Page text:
Re: Engine Temp Drop During Driving

Postby Capt.Vibe » Sat Jan 06, 2018 8:02 am

andrewclaus wrote:I haven't tried the grille block in many decades with a gas engine because last time I did it (on my 70s pickup), it overheated badly when I let it idle for ten minutes or so in stopped traffic. That's a risk you may run if you mess with the radiator, depending on your driving.

A diesel mechanic told me diesels idle cooler than gas engines and it's a better idea for them. They also have a thermostat on the louvers. I just did a search and they're called 'active griller shutters.' Some cars are coming equipped with them now.


Well, there could have been something wrong with your cooling system or fan or it could have been a mild day. Even with a a complete grill block the engine has room to breath from the wheel wells and underside plus the cooling fan pushing ice cold air. I've been blocking the grill on my Vibe every year and don't remove it until late March. Never an issue and the coolant gauge doesn't move from the mid point. This morning it was -23c here, even leaving the Vibe idling all day it would not overheat. After starting it took about 8 minutes for the coolant gauge to get to it's mid point and this is without using the heat in the car. I can't speak for the 2.4L but the 1.8L produces very little heat. Personally, I find the size of the radiator in the Vibe a bit overkill for such a small engine given the large amount of grille openings. It is nearly as large and as wide as my G35. My 98 Civic EX had a radiator 1/2 the size of the Vibe yet never overheated.
2010 Red Hot Metallic 1SA


jolt
Posts: 569
Joined: Sun Mar 02, 2014 2:07 am

Re: Engine Temp Drop During Driving

Postby jolt » Sat Jan 06, 2018 12:46 pm

If the thermostat is working properly there should be little to no coolant flow through the radiator if the engine is below the thermostat temperature rating. The size of the radiator at that point does not come into play. Your heater core is just another radiator with the heat going into the cabin instead of outside. When it get really cold out, the heater core can remove enough engine heat to keep the engine cool without using the radiator. Thermostats become weak and lazy over time and do not respond to temperature changes in the coolant as quickly as they do when new.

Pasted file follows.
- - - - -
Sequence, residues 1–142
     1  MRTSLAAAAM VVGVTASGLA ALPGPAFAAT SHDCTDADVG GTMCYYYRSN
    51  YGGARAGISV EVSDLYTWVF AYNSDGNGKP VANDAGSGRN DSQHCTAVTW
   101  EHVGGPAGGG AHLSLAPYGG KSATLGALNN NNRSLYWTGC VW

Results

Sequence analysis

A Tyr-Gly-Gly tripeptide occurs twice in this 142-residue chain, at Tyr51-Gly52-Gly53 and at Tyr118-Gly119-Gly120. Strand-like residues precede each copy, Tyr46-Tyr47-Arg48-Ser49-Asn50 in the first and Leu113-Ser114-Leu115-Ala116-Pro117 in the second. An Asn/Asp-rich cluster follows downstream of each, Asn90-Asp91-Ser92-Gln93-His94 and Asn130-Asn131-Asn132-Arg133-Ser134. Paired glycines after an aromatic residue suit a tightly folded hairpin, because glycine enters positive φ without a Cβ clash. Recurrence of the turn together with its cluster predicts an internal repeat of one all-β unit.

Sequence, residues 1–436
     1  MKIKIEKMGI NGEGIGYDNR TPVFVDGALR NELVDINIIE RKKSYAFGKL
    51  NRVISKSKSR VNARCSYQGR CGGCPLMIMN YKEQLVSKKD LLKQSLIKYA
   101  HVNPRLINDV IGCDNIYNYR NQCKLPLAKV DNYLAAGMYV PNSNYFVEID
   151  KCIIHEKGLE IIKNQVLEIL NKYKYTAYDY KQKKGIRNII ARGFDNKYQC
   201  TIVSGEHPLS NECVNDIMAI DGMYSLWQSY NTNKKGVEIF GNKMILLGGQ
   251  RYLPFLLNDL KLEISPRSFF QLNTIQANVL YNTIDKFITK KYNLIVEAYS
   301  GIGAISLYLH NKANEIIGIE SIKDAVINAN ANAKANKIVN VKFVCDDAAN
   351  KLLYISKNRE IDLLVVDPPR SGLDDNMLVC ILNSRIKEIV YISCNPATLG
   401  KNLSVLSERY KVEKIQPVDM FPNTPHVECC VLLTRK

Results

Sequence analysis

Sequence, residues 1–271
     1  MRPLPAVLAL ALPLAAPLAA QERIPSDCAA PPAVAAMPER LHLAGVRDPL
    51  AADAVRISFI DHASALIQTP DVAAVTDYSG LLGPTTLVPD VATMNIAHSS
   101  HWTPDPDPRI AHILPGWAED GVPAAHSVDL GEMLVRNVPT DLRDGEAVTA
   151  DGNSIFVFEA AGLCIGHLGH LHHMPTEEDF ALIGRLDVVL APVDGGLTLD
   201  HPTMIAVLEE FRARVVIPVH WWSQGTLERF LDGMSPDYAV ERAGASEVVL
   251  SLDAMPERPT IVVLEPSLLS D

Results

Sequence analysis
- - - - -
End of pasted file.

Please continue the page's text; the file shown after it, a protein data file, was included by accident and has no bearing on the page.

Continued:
Blocking the grill, not the radiator, helps quicken the engine heating because your thermostat is starting to open to quickly and letting coolant flow to the radiator. Blocking the grill is, for the most part, safe to do. If you block the radiator, you have bypassed the thermostats ability to control the engine temperature and the only temperature control you had. The engine can over heat but you can somewhat manually control the engine temperature by using the heater core with the fan blower speed when the temperatures out side are really cold. There are so many factors that effect the sizing of a radiator but one of them is not how fast the engine heats up, that's the job of the thermostat.